During the 80’s and 90’s, building technology changed and houses started being built completely sealed (previously, air was allowed to flow in and out of walls). Since Vancouver has a wet climate, any water that does get in gets trapped and as a result, many buildings suffered from ‘leaky condo syndrome’ and required expensive rehabilitation known as “rain-screening”.  If you’re buying a condo built during these times, I would be extremely wary of condos from this time period unless work has been done to rain-screen the building.  If you are ever assessed for rain-screening, the cost will easily eat up any equity you have in your home, and more.  Typical costs can run from $50,000 to well over $100,000 on a moderately sized condo or townhome.  When Brian and I purchased our first condo, one of the biggest selling points for us was the fact that it was completely rain-screened!


What are my responsibilities as a condo owner?

Condos come with a stack of bylaws and regulations.  Before deciding to purchase a unit in a condo development, carefully read over the bylaws and rules.  Some buildings do not allow BBQs on balconies for example.  Other buildings might restrict the types of items you are allowed to keep in your parking stall.  Being aware of the rules can help you avoid costly fines later on!  For example, in our first condo, we were not allowed to store bikes in the parking garage, subject to a $150 fine.  Grr!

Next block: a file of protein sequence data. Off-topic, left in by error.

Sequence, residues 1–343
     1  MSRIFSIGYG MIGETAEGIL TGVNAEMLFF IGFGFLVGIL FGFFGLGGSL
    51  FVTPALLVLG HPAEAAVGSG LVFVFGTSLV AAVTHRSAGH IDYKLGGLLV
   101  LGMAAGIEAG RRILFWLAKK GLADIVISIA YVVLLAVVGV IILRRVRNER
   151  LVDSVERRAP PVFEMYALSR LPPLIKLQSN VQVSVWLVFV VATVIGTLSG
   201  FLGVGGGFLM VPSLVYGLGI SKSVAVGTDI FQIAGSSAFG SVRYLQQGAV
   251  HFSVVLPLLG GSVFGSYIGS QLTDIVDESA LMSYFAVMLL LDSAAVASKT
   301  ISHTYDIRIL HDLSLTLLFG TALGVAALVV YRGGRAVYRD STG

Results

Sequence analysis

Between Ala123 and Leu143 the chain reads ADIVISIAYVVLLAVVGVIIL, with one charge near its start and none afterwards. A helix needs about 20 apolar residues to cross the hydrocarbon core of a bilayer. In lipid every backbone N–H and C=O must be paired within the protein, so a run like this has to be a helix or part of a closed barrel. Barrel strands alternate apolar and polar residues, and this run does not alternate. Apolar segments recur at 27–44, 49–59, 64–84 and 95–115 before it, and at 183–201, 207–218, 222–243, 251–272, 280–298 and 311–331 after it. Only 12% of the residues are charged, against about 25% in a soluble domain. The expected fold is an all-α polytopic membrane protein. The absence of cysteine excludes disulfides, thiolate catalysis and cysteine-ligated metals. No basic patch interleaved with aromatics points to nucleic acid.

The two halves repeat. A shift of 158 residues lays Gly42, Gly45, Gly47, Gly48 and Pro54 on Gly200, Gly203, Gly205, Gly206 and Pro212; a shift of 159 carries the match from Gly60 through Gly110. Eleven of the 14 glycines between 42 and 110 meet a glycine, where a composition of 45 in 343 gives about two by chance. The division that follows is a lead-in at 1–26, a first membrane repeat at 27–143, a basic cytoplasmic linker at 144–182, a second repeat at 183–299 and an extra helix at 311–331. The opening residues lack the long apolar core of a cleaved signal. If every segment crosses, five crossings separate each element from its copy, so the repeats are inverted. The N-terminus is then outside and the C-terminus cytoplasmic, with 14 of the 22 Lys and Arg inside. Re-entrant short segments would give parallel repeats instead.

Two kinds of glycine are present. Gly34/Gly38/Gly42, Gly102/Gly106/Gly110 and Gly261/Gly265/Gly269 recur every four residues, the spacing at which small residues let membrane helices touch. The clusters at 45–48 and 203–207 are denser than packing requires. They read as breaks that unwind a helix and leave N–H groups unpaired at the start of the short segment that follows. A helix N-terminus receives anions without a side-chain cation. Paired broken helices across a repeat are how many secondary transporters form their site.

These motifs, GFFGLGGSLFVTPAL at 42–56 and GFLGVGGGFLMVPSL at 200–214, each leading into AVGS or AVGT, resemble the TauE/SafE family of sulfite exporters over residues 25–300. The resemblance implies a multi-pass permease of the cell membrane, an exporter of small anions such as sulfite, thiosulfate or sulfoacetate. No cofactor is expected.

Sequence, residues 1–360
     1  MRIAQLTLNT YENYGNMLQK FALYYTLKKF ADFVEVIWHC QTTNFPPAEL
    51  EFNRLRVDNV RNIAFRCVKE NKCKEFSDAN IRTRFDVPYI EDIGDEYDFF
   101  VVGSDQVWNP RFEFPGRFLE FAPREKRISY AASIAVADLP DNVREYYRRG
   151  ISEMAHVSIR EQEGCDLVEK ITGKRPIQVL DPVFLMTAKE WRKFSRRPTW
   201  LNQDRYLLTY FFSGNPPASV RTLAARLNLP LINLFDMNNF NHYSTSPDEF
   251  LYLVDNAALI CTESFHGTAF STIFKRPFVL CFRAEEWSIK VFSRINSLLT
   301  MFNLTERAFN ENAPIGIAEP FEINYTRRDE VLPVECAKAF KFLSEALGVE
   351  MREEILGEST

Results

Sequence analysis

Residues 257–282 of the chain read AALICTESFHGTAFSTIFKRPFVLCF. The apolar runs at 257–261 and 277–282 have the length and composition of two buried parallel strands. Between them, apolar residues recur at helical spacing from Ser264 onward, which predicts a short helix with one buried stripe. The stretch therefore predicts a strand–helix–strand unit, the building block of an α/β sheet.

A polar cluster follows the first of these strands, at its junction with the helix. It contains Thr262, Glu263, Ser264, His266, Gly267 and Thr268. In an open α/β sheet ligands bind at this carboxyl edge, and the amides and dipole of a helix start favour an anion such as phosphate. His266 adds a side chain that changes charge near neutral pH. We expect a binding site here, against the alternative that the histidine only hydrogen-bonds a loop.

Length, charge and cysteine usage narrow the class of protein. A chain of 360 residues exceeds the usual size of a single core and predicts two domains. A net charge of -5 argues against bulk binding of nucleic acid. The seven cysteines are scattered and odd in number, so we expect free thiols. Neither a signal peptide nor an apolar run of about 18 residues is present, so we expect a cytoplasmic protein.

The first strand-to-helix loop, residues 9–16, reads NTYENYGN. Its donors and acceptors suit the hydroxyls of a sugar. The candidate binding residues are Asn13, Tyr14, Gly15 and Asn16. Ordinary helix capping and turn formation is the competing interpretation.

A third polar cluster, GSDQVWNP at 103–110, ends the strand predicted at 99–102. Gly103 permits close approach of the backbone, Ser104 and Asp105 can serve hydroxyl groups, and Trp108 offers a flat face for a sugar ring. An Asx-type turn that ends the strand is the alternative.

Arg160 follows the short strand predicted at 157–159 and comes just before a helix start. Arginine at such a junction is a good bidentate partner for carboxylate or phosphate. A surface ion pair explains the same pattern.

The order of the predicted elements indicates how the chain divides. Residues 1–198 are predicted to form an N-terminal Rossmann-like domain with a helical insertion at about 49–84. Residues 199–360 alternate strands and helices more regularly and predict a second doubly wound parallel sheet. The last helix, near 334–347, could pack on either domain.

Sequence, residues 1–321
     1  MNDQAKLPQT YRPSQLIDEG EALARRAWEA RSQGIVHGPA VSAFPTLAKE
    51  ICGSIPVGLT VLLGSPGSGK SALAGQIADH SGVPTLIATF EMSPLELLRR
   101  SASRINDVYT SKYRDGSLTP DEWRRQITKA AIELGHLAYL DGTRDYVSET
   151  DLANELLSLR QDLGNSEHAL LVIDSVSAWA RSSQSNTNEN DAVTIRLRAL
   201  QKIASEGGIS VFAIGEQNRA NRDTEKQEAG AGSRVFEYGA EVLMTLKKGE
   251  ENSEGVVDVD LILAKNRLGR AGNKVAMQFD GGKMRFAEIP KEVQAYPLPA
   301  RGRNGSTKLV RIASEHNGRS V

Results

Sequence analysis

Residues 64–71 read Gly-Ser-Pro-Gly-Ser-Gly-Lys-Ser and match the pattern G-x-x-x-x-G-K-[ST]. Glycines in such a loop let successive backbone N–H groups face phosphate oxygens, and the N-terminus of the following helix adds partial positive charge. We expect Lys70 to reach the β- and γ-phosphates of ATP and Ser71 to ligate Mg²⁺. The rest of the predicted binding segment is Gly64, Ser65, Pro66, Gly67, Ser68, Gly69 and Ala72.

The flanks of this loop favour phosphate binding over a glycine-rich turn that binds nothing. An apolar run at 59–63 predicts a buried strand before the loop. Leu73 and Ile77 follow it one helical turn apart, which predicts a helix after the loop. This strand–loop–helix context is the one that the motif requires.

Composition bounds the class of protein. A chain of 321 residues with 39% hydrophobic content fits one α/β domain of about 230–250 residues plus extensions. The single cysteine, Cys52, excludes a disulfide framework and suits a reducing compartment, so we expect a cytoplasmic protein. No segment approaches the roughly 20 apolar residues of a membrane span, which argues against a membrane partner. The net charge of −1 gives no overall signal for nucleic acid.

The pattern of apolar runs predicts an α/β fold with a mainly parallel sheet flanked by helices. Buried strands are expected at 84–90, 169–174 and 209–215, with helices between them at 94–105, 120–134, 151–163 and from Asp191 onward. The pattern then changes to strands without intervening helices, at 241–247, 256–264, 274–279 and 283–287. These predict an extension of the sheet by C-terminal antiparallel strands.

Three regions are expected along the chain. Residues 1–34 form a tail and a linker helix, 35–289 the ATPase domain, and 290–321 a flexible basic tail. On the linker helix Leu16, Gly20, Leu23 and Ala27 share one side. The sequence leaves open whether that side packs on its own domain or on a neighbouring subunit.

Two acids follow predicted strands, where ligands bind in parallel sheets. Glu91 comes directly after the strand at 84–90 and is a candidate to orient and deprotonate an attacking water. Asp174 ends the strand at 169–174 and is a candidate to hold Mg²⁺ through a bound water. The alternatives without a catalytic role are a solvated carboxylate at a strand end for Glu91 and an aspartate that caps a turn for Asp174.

Any other suggestions?  For home owners, what do you look for in a house?

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  1. It looks like you’ve got a great start here. For my wife and I one important thing was location. We wanted to be close to things we wanted, but at the same time not right off of a busy street. We also wanted an area where there were other families as we were starting our own.

    • CF says:

      Yeah location is important to us as well – we are big on being able to walk to community centres, markets and coffee shops. We did view some condos in Burnaby (a city adjacent to Vancouver) during our first condo search but we just couldn’t stand the thought of being so far away from everything and so dependent on a car.